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The Things that Hurt

by on January 27, 2014
photo free from freedigitalphoto.net

photo free from freedigitalphoto.net

As a writer of interracial romance I knew there would be backlash. Anyone that steps away from what is considered normal faces this issue. It can pay off big or cost you your career.

There was a time when I was under the delusion race didn’t matter. My parents are those stupid ones that raised me to see the person not the race. Damn fools that they are. As my husband says, I can do that, I’m white. I can choose to be with the minority or majority, he cannot. Yep, I’m married to a black man. What can I say, I write what I know.

People tell me its 2014 there’s no racism. They told me that lie in 1998 when I married my husband. I have a feeling they’ll tell me the same thing in 2029. Yes the world is more accepting of others now, maybe not mixing, but with people of other races. It does get better every year. As people break stereotypes and show that they are just that, a blanket assumption about people we move forward.

I try to do that with my writing, but at the same time I hear things both hateful and insulting even if it’s not the person’s intention. Things like “I never thought of a black man as a hero.”  Really? “I understand this is your fetish, but I don’t think it’s right.” Really??? A fetish…

Let’s go back to the first one. Why couldn’t a black man be a hero in a book? Why does the hero have to be white, tuggable hair, built, six-two, a little bit of a five o’clock shadow and piercing eyes? Did I just describe the hero in the last ten books your read? Oh wait I forgot the treasure trail from his belly button to his pants.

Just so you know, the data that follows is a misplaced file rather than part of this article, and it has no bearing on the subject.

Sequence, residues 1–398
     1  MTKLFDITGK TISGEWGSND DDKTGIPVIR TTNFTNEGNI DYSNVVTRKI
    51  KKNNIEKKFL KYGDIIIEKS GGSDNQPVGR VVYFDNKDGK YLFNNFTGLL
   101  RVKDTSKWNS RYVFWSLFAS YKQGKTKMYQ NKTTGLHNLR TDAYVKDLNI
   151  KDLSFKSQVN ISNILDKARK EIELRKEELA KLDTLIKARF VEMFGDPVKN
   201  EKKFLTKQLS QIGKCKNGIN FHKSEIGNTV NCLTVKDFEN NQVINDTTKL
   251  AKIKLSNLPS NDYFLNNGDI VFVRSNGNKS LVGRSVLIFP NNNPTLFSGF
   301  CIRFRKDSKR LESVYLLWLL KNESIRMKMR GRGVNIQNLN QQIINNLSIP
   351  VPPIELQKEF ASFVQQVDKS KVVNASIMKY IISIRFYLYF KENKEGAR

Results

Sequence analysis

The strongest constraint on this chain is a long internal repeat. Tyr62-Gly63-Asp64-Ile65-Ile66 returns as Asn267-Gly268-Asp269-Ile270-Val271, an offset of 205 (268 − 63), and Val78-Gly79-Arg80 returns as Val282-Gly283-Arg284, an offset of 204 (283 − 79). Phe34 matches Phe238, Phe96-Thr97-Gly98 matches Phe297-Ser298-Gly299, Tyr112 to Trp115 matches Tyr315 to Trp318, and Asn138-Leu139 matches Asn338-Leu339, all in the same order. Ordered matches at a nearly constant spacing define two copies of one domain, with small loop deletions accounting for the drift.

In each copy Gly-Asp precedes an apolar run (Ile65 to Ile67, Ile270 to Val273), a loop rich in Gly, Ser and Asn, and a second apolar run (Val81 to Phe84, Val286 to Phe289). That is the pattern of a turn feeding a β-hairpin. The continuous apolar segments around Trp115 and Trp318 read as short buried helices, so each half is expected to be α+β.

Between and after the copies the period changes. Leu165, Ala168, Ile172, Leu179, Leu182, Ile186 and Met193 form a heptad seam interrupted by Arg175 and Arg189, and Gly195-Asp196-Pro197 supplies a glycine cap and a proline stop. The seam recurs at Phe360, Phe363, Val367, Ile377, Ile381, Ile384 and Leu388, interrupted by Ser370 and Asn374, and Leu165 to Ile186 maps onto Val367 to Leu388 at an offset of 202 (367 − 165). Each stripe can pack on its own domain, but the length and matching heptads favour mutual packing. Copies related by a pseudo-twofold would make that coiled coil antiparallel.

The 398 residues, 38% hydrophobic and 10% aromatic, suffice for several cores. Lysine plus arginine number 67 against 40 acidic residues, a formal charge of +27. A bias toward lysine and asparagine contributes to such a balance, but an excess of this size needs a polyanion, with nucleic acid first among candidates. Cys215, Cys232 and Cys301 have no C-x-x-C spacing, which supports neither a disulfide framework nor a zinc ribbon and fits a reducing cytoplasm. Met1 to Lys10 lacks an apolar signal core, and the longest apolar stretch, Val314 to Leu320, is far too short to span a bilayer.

We all like the well-built, well hung hero (statically ladies we all know which race wins that contest). I’m not much of a hair puller (I’m more of a pull my hair please and thank you type) so most of my heroes have shaved head… hmm where would I get that idea from? Let me shoo my husband out of the room.

But does a black man on the cover make you scroll past? I’m going to tell you it’s hard to find black men in stock art that could even make me look twice, but on the off chance a hot one shows up, shirt off, glistening from a magical photoshop job, would you stop? Or would it look wrong? What is it that makes us think a black man can’t be a hero? Could it be a stereotype?  I don’t like those for anyone, especially not my heroes.  Why? Because I write what I know and I know a black man can be a hero.

Now to the second comment, I know the basics when it comes to fetish, but I went to the experts at dictionary.com. The first two definitions were about objects that people regard as a talisman, so I skipped to the third definition; any object or nongenital part of the body that causes a habitual erotic response or fixation.

Let’s break this definition down. A fetish involves an object or non genital part of the body. I’m not into toes, knees, or noses, then again if a man knows what he’s doing he can turn any part of the body into a spot that causes an erotic response. (Why is it again you don’t read my books?) What about eyes? Who hasn’t fallen into a set of eyes that got you hot, wet and well… aroused?  Does that make it a fetish?

Do black men turn me on? Yes, but so do white, Hispanic and Asian. I like men. If they are shirtless, flexed, killer smile or has a smoldering dark stare, I’m gonna look. I might look twice. I may even like a picture or two.

Every author wants their book to be read. That’s why we write, it’s kind of our thing. If we do a bad job on the story with plot holes so big characters and editors have fallen in and never been heard from again I understand you running away. But if you never try it because you think “I can’t find a black man attractive…” You’re just cutting out a huge population.  Why limit your heroes? I love vampires, aliens, a werewolf or two, heck and angel and demon have both made their way into my fantasies.